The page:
EDITOR NOTE: 2020 has been tough on just about everyone, but the generation that has been disproportionately hit by the current pandemic economy is, hands down, the Millennial generation. These younger workers aren’t at their top earning years; many of them are still paying off their student loans; most don’t own a large stake in the stock market (meaning, they’ve missed the last bull run in the markets); and most are generally unaware of the impact that the Federal Reserve’s monetary policy will have on their purchasing power in the years to come. Many are also at the age of home ownership, which can serve as a significant hedge against inflation, yet a majority of Millenials are unable to afford a home purchase. The problem with papering-over a financial crisis is not only that the solution is often never an enduring one, but that it creates even greater problems for the next generation who has to deal with the previous generations’ debts. In many cases, the next generation’s solution is to go deeper into personal debt (like many millennials today).
While we are still dealing with the fallout brought on by Covid-19, the group most impacted by the pandemic is young workers. They are disproportionately shouldering the hits that have come from the pandemic. Many are unable to telework and others are employed by industries that tend to pay less and have largely shut down because of the pandemic. Yet they are also paying record levels of college tuition for remote learning and many did not enjoy the record runup in the stock market because very few younger Americans own any stocks. While it might be difficult to track everything that is happening right now, inflation is eroding the purchasing power of younger Americans and we can see this in the data when we compare the cost of a few major items from 2000 to 2020.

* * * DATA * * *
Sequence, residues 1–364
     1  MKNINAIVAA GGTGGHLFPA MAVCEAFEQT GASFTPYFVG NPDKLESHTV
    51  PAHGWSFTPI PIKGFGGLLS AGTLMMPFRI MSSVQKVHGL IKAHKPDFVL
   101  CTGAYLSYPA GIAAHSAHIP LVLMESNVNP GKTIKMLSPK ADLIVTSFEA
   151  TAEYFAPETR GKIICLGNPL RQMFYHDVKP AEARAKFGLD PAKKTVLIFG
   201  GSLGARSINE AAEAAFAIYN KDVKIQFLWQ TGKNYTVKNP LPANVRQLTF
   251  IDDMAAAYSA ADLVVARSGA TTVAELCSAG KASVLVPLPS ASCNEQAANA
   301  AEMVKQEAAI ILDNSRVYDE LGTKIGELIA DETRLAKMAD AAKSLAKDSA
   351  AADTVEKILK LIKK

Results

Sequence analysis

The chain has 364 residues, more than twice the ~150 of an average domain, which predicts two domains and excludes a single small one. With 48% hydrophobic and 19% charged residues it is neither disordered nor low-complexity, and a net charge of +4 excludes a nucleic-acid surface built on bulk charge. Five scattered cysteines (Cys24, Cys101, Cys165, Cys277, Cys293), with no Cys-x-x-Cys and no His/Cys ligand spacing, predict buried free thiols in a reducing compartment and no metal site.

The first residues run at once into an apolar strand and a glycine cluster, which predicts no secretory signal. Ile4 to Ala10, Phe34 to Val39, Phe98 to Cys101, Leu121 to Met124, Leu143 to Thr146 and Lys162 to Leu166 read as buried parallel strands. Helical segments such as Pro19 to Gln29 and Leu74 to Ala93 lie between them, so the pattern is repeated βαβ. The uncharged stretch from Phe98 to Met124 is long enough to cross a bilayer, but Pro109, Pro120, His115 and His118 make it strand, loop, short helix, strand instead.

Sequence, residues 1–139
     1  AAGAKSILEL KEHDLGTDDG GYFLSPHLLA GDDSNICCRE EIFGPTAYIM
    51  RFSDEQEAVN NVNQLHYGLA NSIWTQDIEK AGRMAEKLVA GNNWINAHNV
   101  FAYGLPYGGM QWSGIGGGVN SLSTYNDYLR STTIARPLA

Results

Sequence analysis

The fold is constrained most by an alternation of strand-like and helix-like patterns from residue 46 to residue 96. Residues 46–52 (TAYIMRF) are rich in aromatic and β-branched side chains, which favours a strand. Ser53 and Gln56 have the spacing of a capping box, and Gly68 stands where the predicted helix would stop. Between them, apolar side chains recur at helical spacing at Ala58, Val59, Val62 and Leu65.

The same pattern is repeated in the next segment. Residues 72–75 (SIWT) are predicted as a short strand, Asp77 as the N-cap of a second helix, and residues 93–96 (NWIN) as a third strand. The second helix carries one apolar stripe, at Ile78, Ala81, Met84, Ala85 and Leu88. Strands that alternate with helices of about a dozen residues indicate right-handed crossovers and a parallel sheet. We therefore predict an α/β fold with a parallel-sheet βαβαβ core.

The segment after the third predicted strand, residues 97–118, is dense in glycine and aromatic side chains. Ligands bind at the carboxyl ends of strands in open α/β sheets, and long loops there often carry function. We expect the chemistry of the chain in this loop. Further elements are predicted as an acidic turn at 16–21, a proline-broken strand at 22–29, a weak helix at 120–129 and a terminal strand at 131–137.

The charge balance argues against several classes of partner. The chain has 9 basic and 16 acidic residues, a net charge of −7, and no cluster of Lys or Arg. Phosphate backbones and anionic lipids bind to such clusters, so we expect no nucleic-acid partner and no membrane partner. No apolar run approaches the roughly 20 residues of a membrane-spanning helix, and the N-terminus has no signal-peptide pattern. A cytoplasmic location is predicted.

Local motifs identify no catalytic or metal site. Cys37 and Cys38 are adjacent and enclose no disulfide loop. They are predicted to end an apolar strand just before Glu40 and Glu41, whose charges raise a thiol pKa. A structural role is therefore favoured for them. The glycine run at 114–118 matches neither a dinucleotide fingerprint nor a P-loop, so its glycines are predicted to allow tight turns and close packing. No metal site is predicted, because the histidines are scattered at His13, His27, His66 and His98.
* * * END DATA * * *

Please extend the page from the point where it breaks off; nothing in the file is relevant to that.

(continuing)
The price of going to college has soared in the last 20-years. Even this year when many colleges have gone remote, tuition has stayed the same or increased at some schools.
Let us look at one example here by looking at historical data for tuition at the University of Southern California (USC):
In 2000 the cost of tuition to attend USC was $22,636. The cost of attending USC today is now $59,260:
That is a 161% increase over this period. At the same time, the Consumer Price Index (CPI) has gone up 54% over this period. USC is not alone in seeing this type of soaring costs. This is rather typical for most colleges across the United States. So how are students affording this if they do not have parents that can shoulder the cost of sending them to college? They are not and that is why we have $1.64 trillion in student debt outstanding. This inflation in college tuition is largely coming because of massive debt that is now on the radar of millions of Americans.
Yet inflation is also creeping into an area where many young Americans are struggling as well, and that is in buying a home.
Cost of Buying a Home
A record number of young Americans are living at home because they are unable to purchase a home. This is troubling in many ways because the largest asset for many Americans is their primary residence. A home for many is like a forced savings account and many are not starting this journey. It also serves as a hedge against inflation but without being able to buy, many are losing time in building this wealth.
So let us first look at the price of a home in 2000 and 2020:
This is a 110% increase over this period. Once again, the overall CPI change has been 54% during this time. So young Americans are having a tougher time buying a home because homes overall are much more expensive for this generation when adjusting for inflation and looking at wage data.
And this is a problem with inflating our way out of a crisis since it benefits those with the majority of assets (baby boomers and older Americans) and largely “taxes” the young to fund this transfer of wealth. So if younger Americans want that college degree or to purchase that first home, they need to go into massive debt which many are doing. Yet saddling young Americans with back breaking debt does not seem like a wise long-term move.
Originally posted on My Budget 360